If you are ultra paranoid, what could be better than hiding your network traffic in such a way that no one could possibly intercept it? This is what Unisys is offering with its new Stealth appliance, which could make man-in-the-middle attacks and keylogger exploits obsolete, or at least more difficult to mount.
Stealth has been around since 2005, when it was developed exclusively for the Defense Department, which remains one of its largest customers. Several years ago Unisys took it to commercial enterprises and has paid for various independent tests to try to compromise the system, all of which have failed.
This is because Stealth uses four layers of security: each packet is encrypted with AES256, then split into three separate pieces and dispersed across the network, destined for a particular group of users that have to be running its protocols.
To deploy Stealth, you create virtual "communities of interest" that tie two or more PCs together in such a way that they can only communicate with each other. No one else can join in, and no one else can intercept the traffic.
Different PC endpoints can be associated with multiple communities, so your CEO for example can talk to both your finance group and your marketing group, but the members of each group can't see each other's network traffic, server shares, or even ping each other. All of this works on top of whatever directory services you are running, including Active Directory, LDAP or RADIUS.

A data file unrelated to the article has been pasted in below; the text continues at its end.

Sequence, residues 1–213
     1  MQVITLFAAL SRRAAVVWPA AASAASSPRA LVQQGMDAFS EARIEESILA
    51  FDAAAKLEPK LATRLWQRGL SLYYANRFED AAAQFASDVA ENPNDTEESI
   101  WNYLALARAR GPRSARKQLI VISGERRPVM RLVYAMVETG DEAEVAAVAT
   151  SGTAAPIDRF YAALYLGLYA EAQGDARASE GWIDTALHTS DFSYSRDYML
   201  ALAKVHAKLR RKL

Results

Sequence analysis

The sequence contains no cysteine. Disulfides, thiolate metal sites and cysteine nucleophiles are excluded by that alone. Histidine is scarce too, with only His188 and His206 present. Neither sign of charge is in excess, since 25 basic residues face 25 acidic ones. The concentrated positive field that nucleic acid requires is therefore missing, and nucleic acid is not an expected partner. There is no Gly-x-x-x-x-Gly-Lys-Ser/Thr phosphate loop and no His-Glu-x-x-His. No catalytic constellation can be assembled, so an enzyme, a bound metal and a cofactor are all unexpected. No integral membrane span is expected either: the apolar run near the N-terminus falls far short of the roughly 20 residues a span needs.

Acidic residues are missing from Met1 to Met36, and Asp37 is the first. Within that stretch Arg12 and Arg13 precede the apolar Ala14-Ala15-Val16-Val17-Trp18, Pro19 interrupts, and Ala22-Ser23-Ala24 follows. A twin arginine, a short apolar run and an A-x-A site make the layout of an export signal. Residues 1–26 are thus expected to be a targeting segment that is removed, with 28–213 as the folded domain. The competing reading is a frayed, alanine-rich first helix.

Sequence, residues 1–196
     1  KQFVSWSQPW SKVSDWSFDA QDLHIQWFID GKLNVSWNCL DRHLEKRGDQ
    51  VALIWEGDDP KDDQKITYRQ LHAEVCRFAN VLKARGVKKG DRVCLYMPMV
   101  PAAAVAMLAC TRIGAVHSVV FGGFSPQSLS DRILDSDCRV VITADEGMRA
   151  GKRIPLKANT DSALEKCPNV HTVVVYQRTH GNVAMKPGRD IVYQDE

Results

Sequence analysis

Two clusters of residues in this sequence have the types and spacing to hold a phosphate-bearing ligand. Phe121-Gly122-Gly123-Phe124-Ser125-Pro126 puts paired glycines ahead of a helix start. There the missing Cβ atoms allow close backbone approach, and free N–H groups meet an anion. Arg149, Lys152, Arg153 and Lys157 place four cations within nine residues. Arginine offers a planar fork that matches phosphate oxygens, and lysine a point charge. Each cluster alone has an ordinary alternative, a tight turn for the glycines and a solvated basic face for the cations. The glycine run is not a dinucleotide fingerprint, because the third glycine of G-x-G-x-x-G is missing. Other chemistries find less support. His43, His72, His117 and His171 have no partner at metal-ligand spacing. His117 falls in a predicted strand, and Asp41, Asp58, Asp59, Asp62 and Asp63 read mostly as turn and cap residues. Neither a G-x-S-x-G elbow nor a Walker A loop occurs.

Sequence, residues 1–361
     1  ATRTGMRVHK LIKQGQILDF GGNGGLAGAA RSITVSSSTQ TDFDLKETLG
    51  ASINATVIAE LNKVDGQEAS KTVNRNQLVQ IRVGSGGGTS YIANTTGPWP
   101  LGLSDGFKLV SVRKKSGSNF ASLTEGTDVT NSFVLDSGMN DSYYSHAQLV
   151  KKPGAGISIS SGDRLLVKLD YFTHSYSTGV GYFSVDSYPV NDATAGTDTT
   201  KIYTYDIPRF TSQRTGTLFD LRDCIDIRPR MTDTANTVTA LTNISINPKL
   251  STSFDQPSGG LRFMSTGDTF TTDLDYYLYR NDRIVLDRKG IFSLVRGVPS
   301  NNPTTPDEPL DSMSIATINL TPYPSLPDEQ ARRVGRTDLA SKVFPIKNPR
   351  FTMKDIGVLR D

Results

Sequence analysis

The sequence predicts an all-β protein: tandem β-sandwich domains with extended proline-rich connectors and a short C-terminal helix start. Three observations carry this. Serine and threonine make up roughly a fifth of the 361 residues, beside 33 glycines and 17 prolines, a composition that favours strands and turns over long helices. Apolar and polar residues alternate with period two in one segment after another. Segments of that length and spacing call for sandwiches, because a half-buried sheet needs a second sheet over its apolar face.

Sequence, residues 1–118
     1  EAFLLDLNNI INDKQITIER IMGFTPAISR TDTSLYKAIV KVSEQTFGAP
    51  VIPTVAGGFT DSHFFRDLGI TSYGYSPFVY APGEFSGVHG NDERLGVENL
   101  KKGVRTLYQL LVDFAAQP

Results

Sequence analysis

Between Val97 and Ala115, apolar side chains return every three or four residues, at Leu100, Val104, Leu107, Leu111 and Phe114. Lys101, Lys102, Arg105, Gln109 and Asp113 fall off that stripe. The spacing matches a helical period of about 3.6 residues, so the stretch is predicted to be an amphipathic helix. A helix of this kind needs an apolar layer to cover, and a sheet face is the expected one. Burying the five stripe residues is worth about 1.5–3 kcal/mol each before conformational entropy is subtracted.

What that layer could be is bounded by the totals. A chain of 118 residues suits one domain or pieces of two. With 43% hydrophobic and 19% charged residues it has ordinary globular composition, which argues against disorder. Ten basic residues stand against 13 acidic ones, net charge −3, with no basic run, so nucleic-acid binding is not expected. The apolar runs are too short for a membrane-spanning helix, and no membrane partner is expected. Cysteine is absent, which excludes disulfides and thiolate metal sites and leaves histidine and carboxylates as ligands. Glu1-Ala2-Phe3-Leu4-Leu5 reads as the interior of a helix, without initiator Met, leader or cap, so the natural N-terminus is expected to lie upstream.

Stealth uses a special packet driver that sits on top of Layer 2 and is available for a wide collection of both 32 and 64-bit Windows and Linux desktops and servers. Stealth's traffic is still routed by ordinary switches, firewalls and routers without any additional configuration. But the traffic now is hidden from prying eyes, even over the public Internet.
Think of this solution as an overlay to your existing network, essentially hiding your secrets in plain sight.
The XP angle
For those of you concerned about the security of aging Windows XP-only applications, you can hide them with Stealth and only allow access to people who also have the Stealth drivers on their desktops. Everyone else will be locked out, including hackers trying to run XP exploits.
It is an intriguing idea. Unisys markets the product with the tag line, "you can't hack what you can't see," and we have to agree with them. We ran Wireshark's packet analyzer to try to track down the hidden traffic, but were unsuccessful. We did record both source and destination IP addresses on the analyzer, but no other payloads, protocol details or traffic could be decoded. We knew our machines were talking to each other, but not much else about what ports or protocols or applications they were using. It was actually a bit eerie to see the packet traces with such little information.
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